We got back to the island and in those days we didn't have mobile phones and internet and stuff. So we got back and switched on the shipping forecast and there it was telling us there was going to be a south-easterly gale imminent. And we weren't ready for this gale. Normally we'd be well-prepared, we'd have lots of food and water ready.

But anyway this gale started blowing. And after a couple of days it kept on going.

So alcohol went after day one. The fresh food, bread, went after the fourth day. Milk was gone after five days and [the gale] kept going. We ran out of fuel on day ten, and the storm was still going. And we went on to break the record, we went on to do seventeen days.

The seventeenth day I remember opening this tin of peaches and saying to Rob "This is it, this is my last bit of breakfast I've got" so yeah it was a big relief when the boat eventually did come.

If you had to have a favourite inhabitant of the islands what would it be?

Sea clowns

Puffins

Find out what a 'puffling' looks like

How do puffin pairs rekindle their relationships?

Take a tour around the Farne Islands

I've got to say I actually do like puffins. I think they're great characters. They wander into the house and things.

When the chicks come to leave, they come out of their holes at night to avoid being eaten by predators. They come out and they walk down to the sea. And that's the first time that ever they've seen the sea.

But of course they've never seen outside their puffin burrow before. So they waddle down. And we've got a chapel, we've got toilets, we've got an information centre, and so some of them end up in there.

So the next day when you're cleaning, you've suddenly got all these little puffin chicks running around.

There's a small percentage of puffins on the Farne Islands, believe me, start life by walking down, being picked up by a human in a building, chucked in a box, and released out at sea.

Has this inspired you to help our wildlife or do you already work with wildlife? Tell us about your experiences and join the big Summer of Wildlife conversation with BBC Nature on Facebook and Twitter @BBCNature - #summerofwildlife #seeitsnapitshareit.

You can also share your wildlife photographs on our Summer of Wildlife Flickr group.

More on This Story

Related Stories

The BBC is not responsible for the content of external Internet sites

More from nature

  • Cardinal fish and ostracodFish filmed spitting 'fireworks'

    Film crew captures ostracods' spectacular defensive lightshow that makes predatory fish spit them out.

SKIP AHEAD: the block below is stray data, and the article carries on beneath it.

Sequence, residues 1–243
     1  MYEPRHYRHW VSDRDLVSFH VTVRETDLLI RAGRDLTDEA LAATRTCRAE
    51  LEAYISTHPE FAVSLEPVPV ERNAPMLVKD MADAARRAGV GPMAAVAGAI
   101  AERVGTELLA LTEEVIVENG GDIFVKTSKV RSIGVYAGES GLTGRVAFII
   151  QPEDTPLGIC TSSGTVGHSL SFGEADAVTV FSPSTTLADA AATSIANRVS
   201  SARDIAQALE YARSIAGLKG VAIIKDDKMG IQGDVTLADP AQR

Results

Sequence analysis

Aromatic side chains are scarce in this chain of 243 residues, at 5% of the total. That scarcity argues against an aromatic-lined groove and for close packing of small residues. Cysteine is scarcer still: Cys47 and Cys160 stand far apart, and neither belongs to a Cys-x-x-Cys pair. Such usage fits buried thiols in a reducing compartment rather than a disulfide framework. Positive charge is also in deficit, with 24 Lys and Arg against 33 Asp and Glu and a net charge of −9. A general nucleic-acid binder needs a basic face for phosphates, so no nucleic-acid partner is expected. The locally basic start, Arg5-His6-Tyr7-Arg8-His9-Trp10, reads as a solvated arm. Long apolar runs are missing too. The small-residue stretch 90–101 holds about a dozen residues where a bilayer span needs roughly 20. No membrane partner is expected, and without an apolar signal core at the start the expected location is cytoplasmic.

• Arapaima'Locally extinct'

    A giant fish which used to dominate the Amazon river is now absent in many areas


  • DragonflyRapid reactions

    Dragonfly's super quick reactions recorded in slow motion by BBC film-makers


  • Wingless adult male of the midge Belgica antarcticaExtreme survivor

    Antarctic midge's small genome may be an adaptation to its extreme environment


  • Myotis midastactus specimen (previously identified as Myotis simus)Golden discovery

    A bat from Bolivia is described as a new species by scientists


  • Dinosaurs 'shrank' to become birds

    Huge meat-eating, land-living dinosaurs evolved into birds by constantly shrinking for over 50 million years, new research shows.

  • Would we starve without bees?

    Honey bees are under threat, and as pollination significantly contributes to the food we eat, what would we do without them?

  • Eggshells may act like 'sunblock'

    Birds' eggs show adaptations in pigment concentration and thickness to allow the right amount of sun for embryos, scientists say.

  • Female shrimps are more aggressive

    Female snapping shrimps are more aggressive than males when defending their territories despite their smaller claw size, a study shows.

BBC iWonder

  • Honey bee close-upInsect intelligence

    Are honey bees as smart as your sat nav?

  • Tyrannosaurus rex skull (c) Mark Williamson / Science Photo LibraryDinosaur dynasty

    One group of dinosaurs survived and their descendants can be seen all around us today


  • Brown rat cluse upRise of the rodent

    Reports of giant, 'super rats' are filling the headlines. But why are we being overrun by rats?


  • Cuckoo portraitHoliday hotspot

    What makes the UK such an attractive destination for visiting wildlife?


There have been 75 solar eclipses and 167 major volcanic eruptions in my lifetime

Nicole Malliotakis on Twitter comments on the events that have happened since she was born by using our personalised Your Life on Earth interactive infographic.

Get Inspired

ACTIVITY FINDER

More Nature Activities >

BBC © 2014 The BBC is not responsible for the content of external sites. Read more.

This page is best viewed in an up-to-date web browser with style sheets (CSS) enabled. While you will be able to view the content of this page in your current browser, you will not be able to get the full visual experience. Please consider upgrading your browser software or enabling style sheets (CSS) if you are able to do so.